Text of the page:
Perhaps the best dry fly fishing on the upper stretch of the river is found in the various backwaters of the river. Brown trout are located in these backwaters, effortlessly feeding on various insects. Since the current of the river is slack in the backwaters, and frequently reversed, long drag-free floats are possible, which provide a welcome relief compared to the rest of the river in this section.
Access to the river between Clark Canyon Dam and Barrett’s Dam is excellent. Numerous fishing access sites are available, and public lands often border the river.
Fishing the Beaverhead River : Barrett’s Diversion Dam to Dillon
This section of the Beaverhead River, which covers fourteen miles, also has excellent fly fishing. Overall fish populations are not as high as they are above Barrett’s Diversion Dam. However, this section has equally large brown trout. Moreover, fishing pressure is much less than found further upstream. The result is that the brown trout are less finicky and difficult to catch.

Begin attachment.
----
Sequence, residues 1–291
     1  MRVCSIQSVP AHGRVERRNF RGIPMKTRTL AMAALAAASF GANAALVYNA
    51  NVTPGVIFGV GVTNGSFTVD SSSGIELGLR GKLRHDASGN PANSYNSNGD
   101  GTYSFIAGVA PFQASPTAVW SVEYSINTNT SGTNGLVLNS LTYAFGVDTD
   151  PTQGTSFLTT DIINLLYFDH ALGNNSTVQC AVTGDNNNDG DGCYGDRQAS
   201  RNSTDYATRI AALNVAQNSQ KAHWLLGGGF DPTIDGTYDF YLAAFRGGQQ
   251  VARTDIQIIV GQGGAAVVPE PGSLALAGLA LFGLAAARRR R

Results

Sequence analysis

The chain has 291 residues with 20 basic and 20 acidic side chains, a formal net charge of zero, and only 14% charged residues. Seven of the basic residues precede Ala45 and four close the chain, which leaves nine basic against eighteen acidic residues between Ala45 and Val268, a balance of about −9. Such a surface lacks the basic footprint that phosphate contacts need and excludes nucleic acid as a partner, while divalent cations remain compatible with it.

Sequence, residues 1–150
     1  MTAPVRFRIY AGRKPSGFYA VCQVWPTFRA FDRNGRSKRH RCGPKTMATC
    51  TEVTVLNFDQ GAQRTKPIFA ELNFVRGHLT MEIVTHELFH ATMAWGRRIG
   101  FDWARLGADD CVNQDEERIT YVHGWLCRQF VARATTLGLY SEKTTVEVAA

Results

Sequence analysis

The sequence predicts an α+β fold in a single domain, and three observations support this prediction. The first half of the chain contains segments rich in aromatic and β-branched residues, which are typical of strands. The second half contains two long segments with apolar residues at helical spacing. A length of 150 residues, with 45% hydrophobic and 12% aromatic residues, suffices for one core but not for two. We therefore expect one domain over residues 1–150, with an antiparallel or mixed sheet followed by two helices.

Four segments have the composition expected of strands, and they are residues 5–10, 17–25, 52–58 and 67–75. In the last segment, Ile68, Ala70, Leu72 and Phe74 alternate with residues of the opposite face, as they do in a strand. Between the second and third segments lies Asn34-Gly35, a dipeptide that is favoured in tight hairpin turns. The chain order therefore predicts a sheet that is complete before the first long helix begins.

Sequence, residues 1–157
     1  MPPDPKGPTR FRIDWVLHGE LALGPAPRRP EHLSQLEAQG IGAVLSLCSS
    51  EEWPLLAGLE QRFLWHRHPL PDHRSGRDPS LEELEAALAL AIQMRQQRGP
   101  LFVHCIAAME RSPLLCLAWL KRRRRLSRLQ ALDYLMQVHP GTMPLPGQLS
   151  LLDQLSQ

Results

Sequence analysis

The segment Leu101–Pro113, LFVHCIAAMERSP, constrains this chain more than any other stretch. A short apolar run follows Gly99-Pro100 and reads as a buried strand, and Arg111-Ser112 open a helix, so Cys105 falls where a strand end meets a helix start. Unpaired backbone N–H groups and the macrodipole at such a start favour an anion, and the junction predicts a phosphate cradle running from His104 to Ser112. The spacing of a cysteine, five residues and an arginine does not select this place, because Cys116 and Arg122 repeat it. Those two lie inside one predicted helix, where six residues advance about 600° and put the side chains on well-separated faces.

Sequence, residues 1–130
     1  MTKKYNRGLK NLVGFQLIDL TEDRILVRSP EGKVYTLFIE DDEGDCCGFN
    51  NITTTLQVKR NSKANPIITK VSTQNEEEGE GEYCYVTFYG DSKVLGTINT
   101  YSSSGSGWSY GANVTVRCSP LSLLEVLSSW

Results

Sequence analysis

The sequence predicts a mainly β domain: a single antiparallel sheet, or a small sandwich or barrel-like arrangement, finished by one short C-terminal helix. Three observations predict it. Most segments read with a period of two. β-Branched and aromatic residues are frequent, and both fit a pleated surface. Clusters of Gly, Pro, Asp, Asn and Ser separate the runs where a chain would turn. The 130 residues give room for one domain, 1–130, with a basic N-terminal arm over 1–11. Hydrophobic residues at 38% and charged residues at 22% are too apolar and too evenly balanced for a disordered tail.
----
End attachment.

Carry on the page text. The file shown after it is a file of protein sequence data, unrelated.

Unfortunately, access is difficult along this stretch. The Beaverhead River primarily flows through private land as it spills from the canyon and into the broad valley around Dillon. Access spots are widely spaced apart. Additionally, due to irrigation withdrawals at Barrett’s Diversion Dam, low water is often a problem for floaters along this stretch, especially in mid-summer.
Despite these problems, this stretch of the Beaverhead River offers excellent fly fishing possibilities. Since the river is much shallower and has slower current, wade fishing along this stretch is excellent. While low water levels can create problems for floaters in larger, deeper draft boats, the slower current allows anglers more time to select fishing spots and to avoid the requirement to constantly mend line.